I visited the horn of Africa earlier this month. The security situation in Somalia remains a major concern. Piracy continues to present a significant threat. South Sudan’s independence is welcome, but agreement still needs to be reached on a comprehensive peace. The current drought in the horn of Africa is a serious humanitarian crisis affecting some 10 million people. We are working to prevent a crisis becoming a catastrophe, including helping to feed 1.3 million people facing starvation in Ethiopia.
I thank the Foreign Secretary for that answer. I sincerely hope that the massive movements of people do not aggravate a humanitarian disaster through increased international political tension. The UN World Food Programme says that changing weather patterns have led to
“an almost constant state of food insecurity” in the region. What forward planning is his Department preparing to respond to the increased likelihood of future flashpoints such as this, caused in part by climate change?
The agencies state that the food insecurity situation in the region is the most serious in the world today. We are doing a great deal. My right hon. Friend the International Development Secretary was there at the weekend and announced a further £52 million of aid. We are the second largest bilateral humanitarian donor to this region in the world, after the United States. On the longer-term issues, we are one of the foremost countries in the world in putting climate change at the heart of foreign policy considerations, and this is one of the reasons for that. The Department for International Development will give consideration to other longer-term measures that now need to be taken.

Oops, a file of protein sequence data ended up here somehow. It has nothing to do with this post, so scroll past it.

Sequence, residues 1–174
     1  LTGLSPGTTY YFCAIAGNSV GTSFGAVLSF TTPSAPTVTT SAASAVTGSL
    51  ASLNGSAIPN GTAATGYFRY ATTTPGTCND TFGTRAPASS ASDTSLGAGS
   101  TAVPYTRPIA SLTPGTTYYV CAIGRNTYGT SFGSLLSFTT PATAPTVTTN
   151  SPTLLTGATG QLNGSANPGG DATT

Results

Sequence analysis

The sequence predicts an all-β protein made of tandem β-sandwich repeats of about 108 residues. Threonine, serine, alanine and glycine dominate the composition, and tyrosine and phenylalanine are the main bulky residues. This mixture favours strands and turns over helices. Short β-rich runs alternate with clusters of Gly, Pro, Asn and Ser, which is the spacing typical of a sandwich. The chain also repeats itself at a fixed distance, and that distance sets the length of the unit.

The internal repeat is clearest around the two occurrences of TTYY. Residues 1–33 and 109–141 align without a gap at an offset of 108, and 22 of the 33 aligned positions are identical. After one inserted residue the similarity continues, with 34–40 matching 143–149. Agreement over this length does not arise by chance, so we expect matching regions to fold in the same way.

The Foreign Secretary referred to the situation in Somalia. What is his assessment of the role of the al-Qaeda-linked al-Shabaab militia, with which it seems that the aid agencies and the Governments are having to co-operate at some level to get assistance through to starving people? What does this mean for the long term?
Of course, al-Shabaab’s role is entirely negative in Somalia, as the hon. Gentleman appreciates. It is good that AMISOM—the African Union Mission in Somalia—has made some good progress in recent months to secure Mogadishu. There is now a new Prime Minister of the transitional federal Government. I met him on my recent visit to Kenya and have encouraged him in his work. Al-Shabaab has a very negative role. It has previously refused assistance into the area, and that has probably made the situation even worse and driven more people out of Somalia into camps on the Kenyan border that now cannot take more people. It has indicated more recently that it will accept help from the agencies, which are now considering how to approach that.
The whole House will be extremely concerned about the food crisis currently affecting the horn of Africa. Does my right hon. Friend agree that it is right that the UK should take a leading role, but that we must also encourage our international partners to take a more active role?
Yes, absolutely. That is really a matter for my colleagues at the Department for International Development. Our strong commitment to put 0.7% of gross national income towards development aid helps us to find the necessary funds to help in this situation. I hope that other nations around the world will be encouraged, emboldened and inspired by the British example, and that some may even be shamed by it.
Let me stress our support for the Government’s response to the famine in Somalia and the creation of South Sudan. However, I urge the Foreign Secretary not to take his eye off the ball over piracy off the horn of Africa. Last year, some 60 cruise liners visited Mombasa; this year, just one. That has had devastating effects on its tourism industry. Seafarers around the world are considering boycotting the area. Over the summer, will the Government show more urgency in tackling this menace and in getting the international community to step up its action?
We will continue to show a great deal of urgency. We are, of course, at the forefront of the EU’s counter-piracy operation. We provide its operational commander and headquarters. We have contributed £5 million to the UN Office on Drugs and Crime, which will allow pirates to serve custodial sentences in Somalia. Royal Navy ships have robust rules of engagement. We are examining what can be done to change the balance of risk to make it more risky to be a pirate off Somalia. I am anxious to do that and we are talking to our international partners about it. We are also giving a lot of attention to the political situation in Somalia and supporting the work of the transitional federal institutions.